On Sunday I turned sixty. In many parts of Asia, to turn 60 is a significant event–more significant than 50, which we Americans mark as important because it’s half a century. In Japan, the 60th birthday is called kanreki (還暦) which means return to infancy (although for some reason, only for men). It is also important in China and Korea. This is based on the Chinese calendar which was originally organized in 60 year cycles, so that the planetary cycle returns to the same position as when you were born. So, in a sense, to turn 60 is not only a recognition of longevity (and maybe wisdom), but also signifies that one has an opportunity to begin anew.
In honor of this event, and in honor of beginning a new decade, I decided to restart a blog. I kept a blog faithfully when I was in India, and less faithfully when I returned to the United States and then went back out again, this time to China (the links to my previous blogs are on the right). I am calling it “The Age of Wander” because I’m really not sure which direction these years will take me. Maybe only as close as my garden, which is now blossoming the inevitable zucchini as well as grapes, beans, and herbs? Or perhaps as far away as India again, or Africa? Who knows? I also look forward to the journey of values and knowledge, which grew immeasurably between 50 and 60, and which I assume will do so again in the new decade.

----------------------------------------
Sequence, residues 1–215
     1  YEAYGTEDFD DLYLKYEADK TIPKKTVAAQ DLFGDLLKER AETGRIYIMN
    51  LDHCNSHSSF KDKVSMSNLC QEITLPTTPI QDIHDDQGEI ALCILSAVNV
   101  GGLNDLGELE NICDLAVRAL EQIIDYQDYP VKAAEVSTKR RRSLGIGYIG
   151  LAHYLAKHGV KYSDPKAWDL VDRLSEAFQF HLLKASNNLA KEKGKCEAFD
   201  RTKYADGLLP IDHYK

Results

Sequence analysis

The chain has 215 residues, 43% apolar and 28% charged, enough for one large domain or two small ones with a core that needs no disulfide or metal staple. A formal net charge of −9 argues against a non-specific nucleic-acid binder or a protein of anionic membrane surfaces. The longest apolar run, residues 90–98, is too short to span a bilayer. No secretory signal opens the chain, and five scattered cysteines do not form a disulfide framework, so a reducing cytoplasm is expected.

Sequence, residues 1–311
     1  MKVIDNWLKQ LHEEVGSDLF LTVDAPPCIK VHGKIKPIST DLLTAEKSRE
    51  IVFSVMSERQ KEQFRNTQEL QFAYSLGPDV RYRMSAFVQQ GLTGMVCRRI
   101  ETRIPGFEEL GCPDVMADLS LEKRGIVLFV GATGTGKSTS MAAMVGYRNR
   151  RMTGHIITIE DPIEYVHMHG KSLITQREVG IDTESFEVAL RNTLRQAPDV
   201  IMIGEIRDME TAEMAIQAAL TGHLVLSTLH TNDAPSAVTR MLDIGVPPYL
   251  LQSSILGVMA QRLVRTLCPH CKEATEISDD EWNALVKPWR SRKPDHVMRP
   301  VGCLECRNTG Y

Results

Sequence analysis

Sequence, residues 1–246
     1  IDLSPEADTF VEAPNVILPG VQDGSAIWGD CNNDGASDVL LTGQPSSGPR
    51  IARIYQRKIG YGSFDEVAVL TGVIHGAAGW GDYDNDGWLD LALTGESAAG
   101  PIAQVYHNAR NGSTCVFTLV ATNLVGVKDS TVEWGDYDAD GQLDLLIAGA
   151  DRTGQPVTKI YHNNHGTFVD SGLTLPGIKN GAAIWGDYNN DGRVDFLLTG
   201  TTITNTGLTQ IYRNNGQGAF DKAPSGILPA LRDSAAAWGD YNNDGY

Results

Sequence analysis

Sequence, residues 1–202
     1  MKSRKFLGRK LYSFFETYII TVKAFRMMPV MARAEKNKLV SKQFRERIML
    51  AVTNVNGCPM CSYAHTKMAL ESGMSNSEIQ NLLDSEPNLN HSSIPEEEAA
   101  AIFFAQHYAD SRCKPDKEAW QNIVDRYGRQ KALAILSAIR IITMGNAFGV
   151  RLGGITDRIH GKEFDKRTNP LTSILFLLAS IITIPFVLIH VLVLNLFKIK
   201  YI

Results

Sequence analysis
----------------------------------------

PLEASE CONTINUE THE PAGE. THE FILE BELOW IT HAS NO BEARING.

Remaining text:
As of this writing, I haven’t quite gotten my arms around being sixty. It seems like it must be incredibly old, but I keep thinking of that phrase used by the famous advice columnist, Ann Landers, who said, “Age–it’s only a number, baby.” On Sunday, I ran an 8 mile race in Stowe VT and came in 8 out of 10 in my age group. Of course, the 10 of us were the oldest female runners in a field of more than 900, but it still impressed on me that I have a ways to go before I am in really great shape. It does feel like an opportunity to begin anew, and I hope to make my biggest contributions yet to our troubled and majestic planet. Please join me for the journey.